“When he became coach at New York, I think he already knew I’d be interested in playing for him and this team,” Kljestan says.

After Marsch was announced as head coach on Jan. 7, one of the first phone calls he made was to Kljestan.

“It always came back to that if I could find a place to call home as a head coach, I’d always enjoy having the chance to have him play for me,” Marsch says. “When I was appointed here in New York, he was one of the guys I immediately thought would be a great fit.”


In the Red Bulls, Marsch inherited a team that came up one goal short of the Eastern Conference Championship in 2014. That's the good. But the squad also lost, among others, Thierry Henry, arguably the league’s best player and a name that generated excitement among fans, and Australian World Cup star Tim Cahill.

Devoid of Henry’s leadership and marketability, Marsch needed to sign a statement player to symbolize his vision for the club. It just so happened to be an ideal time to float the idea to Kljestan, who saw his playing time with Anderlecht diminish in 2014.

Marsch sees Kljestan as a main candidate to fill the offensive gap left by Henry's departure. Kljestan will often play an attacking role behind the striker and, like Henry, may find himself wide on the left at times.

“I still scored a lot of goals in Belgium, had a lot of assists,” Kljestan says. “I certainly don't mind being higher up the field, closer to goal and setting up plays that lead to goals.”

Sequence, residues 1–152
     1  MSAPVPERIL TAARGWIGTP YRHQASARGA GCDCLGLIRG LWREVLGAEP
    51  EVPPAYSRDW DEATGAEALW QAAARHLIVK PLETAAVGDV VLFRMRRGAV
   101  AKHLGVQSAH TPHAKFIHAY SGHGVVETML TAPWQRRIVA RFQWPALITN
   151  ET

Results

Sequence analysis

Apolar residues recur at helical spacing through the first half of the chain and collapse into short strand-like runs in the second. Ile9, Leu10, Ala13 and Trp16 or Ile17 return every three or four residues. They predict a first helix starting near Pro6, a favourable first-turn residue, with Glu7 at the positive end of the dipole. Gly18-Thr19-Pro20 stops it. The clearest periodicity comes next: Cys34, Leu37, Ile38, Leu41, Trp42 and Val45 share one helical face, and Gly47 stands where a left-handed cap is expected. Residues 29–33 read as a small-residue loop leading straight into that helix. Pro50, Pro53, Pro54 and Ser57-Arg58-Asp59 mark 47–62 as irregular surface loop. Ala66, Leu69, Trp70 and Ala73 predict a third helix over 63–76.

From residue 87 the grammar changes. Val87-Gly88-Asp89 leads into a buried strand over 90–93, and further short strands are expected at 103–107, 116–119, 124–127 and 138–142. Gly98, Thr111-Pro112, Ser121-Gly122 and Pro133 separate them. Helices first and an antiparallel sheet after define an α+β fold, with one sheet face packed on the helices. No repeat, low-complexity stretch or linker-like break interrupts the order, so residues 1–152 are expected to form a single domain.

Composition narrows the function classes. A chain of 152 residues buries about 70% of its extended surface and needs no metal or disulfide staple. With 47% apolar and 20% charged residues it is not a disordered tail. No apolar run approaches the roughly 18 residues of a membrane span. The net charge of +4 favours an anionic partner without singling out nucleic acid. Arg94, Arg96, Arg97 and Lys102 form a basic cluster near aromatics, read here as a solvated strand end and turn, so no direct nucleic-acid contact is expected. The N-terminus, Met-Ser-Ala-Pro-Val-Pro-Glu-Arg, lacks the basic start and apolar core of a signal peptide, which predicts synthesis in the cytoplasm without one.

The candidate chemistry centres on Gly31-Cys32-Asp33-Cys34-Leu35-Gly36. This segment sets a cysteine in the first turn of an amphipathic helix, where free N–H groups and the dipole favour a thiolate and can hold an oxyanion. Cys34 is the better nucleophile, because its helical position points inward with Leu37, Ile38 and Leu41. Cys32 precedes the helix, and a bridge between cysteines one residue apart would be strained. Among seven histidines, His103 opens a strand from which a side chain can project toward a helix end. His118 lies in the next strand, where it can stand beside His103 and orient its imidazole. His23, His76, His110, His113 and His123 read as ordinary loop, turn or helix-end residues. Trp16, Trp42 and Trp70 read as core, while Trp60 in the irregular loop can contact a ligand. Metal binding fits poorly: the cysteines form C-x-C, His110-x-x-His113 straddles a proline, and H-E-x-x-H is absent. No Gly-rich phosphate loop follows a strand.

Marsch lauded the player Kljestan has become since the two played together during Kljestan’s early years as a pro. To Marsch, Kljestan has become a complete midfielder capable of leading the Red Bulls by example on both sides of the ball.

“The player he has become is so much more sophisticated than he was a few years ago,” Marsch says. “When he was at Chivas, he had an eye for attacking plays around the goal, but in a lot of ways lacked awareness and commitment to do what it took on the other side of the ball.

“At Anderlecht, they demanded more from him on the defensive side and tactical side. It helped him develop a keener eye for how the game is supposed to be played. When you develop that side of things at a high level, at a club like Anderlecht, in that league, in Champions League, and getting tested at those levels, you can’t help but grow and learn and adjust.”


In the end, both Marsch and Kljestan are acutely aware that their fates are intertwined. If Marsch succeeds, it will likely have a lot to do with Kljestan’s impact.

Given the role he is being asked to play, if Kljestan fails to find a rich form, the team will likely struggle, and by extension Marsch may find himself in hot water.

“It is certainly helpful as a starting point to have past relationships with players,” Marsch says. “You know that you can count on each other and trust each other and push each other in the right way. For sure, I’m drawing on past relationships and relying on them to help us establish who we are going to become.”

For Kljestan, this is exactly what he signed up for. He knew all about the club’s front office changeover and the backlash from fans at the firing of Mike Petke.

“There’s always pressure when you play for a big club,” Kljestan says. “The Red Bulls haven’t won an MLS Cup yet, but they’re still one of the biggest clubs in MLS. We all just saw the passion of the fan base at that town hall meeting. You see they really care about this team. We are doing everything possible to put a product on the field that we hope fans will be proud of. … I want that weight on my shoulders.”